Date of Award


Document Type


Degree Name

Master of Science (MS)


College of Science and Mathematics



Thesis Sponsor/Dissertation Chair/Project Chair

Carlos A. Molina

Committee Member

Kirsten Monsen

Committee Member

Quinn C. Vega


Avian animal models have led to many essential discoveries in molecular biology and biochemistry, including the discovery of vitamins, the chemistry behind vision and the development of transgenic hens as natural bioreactors for pharmaceutically relevant proteins. Hyperovulation in domesticated hens is considered a highly desirable genetic trait, a feature that has been explored in multiple studies and remains the focus of many biotech companies. Unlocking the molecular mechanism that controls ovulation may provide a basis for development in new reproductive technologies.

Previous research done on rodents provided data and identified a single transcription factor, the Inducible cAMP Early Repressor (ICER), found to directly mediate the nuclear response to gonadotropins and trigger hyperovulation. Transgenic mice carrying tissue-specific FSH-inducible ICER construct showed two-fold ovulation rate increase following hormonal activation of the cAMP second messenger relay.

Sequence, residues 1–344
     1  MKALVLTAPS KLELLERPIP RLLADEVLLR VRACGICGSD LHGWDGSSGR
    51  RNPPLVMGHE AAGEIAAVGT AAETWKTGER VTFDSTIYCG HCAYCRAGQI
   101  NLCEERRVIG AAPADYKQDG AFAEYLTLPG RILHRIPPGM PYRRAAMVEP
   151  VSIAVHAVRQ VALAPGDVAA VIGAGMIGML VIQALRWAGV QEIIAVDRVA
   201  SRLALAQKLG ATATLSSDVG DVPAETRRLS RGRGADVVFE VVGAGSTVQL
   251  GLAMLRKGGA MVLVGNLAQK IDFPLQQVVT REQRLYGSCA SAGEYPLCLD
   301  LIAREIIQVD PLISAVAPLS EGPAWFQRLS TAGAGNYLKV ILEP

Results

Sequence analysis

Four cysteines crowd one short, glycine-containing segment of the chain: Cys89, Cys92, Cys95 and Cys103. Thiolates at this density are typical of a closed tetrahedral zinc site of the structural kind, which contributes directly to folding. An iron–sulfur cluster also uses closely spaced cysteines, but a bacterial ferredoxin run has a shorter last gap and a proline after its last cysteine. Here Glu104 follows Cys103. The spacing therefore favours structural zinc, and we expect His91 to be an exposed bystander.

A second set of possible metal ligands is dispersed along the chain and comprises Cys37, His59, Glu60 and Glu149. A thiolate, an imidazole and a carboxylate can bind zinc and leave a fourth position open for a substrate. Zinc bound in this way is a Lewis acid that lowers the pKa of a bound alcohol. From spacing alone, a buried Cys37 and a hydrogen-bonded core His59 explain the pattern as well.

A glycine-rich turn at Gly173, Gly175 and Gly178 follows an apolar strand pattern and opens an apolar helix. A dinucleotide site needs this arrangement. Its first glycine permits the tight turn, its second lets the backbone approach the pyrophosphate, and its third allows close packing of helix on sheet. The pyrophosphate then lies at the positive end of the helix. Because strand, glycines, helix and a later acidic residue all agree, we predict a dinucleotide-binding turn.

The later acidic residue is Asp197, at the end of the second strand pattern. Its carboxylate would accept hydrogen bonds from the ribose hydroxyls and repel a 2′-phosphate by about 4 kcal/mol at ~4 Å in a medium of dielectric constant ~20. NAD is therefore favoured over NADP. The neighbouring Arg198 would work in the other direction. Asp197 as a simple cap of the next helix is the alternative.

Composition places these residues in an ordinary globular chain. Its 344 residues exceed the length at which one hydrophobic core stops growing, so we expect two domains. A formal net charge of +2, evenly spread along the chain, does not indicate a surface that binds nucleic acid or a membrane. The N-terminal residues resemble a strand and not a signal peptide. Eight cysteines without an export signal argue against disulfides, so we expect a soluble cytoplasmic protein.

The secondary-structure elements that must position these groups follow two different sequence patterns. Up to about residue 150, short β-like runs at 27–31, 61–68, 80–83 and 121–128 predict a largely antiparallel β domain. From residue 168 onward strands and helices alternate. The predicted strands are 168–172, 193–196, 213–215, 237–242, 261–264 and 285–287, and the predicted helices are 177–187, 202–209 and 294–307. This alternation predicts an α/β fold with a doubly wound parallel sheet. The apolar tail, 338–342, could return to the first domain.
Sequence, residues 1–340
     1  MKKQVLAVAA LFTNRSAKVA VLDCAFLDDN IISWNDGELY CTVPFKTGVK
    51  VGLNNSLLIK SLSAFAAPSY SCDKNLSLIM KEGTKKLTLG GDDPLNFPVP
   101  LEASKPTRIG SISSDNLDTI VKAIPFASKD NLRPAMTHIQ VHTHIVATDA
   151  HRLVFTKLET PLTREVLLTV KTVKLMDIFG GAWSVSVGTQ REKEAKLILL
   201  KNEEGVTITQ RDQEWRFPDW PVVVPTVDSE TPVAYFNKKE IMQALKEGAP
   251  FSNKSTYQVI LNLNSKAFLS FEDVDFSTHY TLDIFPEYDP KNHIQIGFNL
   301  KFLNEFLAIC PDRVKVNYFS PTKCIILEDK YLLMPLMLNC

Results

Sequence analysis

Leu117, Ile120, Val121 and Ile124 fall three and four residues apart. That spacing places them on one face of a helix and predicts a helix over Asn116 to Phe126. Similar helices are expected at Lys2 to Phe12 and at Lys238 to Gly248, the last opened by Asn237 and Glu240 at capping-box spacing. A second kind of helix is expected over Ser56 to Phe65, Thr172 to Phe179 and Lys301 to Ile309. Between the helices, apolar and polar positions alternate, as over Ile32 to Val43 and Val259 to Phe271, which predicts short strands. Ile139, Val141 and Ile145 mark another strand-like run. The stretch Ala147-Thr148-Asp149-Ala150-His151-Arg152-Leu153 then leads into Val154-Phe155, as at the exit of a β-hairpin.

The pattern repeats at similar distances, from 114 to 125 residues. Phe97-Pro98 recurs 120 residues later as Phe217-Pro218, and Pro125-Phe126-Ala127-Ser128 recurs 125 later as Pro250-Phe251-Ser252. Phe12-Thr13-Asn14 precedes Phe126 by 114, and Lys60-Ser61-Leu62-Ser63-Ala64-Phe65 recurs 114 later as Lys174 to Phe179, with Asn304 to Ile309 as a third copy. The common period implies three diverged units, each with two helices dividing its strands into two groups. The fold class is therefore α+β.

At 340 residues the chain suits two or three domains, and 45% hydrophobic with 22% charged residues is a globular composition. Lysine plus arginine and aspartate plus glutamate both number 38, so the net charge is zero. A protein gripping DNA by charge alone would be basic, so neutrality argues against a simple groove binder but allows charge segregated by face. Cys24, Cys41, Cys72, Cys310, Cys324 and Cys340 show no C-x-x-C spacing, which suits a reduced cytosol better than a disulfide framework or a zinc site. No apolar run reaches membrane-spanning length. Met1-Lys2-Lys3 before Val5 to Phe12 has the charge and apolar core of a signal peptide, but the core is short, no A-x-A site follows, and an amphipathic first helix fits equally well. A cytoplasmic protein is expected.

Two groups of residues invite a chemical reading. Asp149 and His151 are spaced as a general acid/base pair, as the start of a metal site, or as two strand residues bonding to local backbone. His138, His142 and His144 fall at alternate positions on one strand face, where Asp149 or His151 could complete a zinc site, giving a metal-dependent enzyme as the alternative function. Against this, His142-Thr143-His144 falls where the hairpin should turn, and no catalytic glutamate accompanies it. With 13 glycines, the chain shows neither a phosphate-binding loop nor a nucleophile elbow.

In this study, I focus on generation of a transgenic construct derived and specific for the domesticated hen, Gallus gallus. For this purpose, I amplified the 3kb promoter sequence of the Inhibin-a subunit gene. I also subcloned the avian homolog of the ICER I[gamma] isoform to the pFLAG-CMV-2 plasmid and created the FLAG-gg-ICER I[gamma] transgene construct. The DNA sequencing analysis showed successful amplification of gg-ICER I[gamma] Following transfection into 293T (Human Kidney Carcinoma cells), the Western Blot analysis identified gg-ICER I[gamma] expression under control of CMV promoter.

I am now focusing on subcloning the Inh-a-FLAG-gg-ICER I[gamma] transgenic construct onto an expression vector and perform functional analysis in cell culture. Last, my goal would be to utilize a lenti-viral delivery vector to infect fertilized Gallus gallus eggs. Using a well established signaling pathway, my hypothesis is that the extracellular signals of the Follicle Stimulating Hormone (FSH) will trigger changes in gene expression that will induce hyperovulation. This molecular mechanism would provide evidence for the complex interaction between the reproductive tract and the central nervous system.

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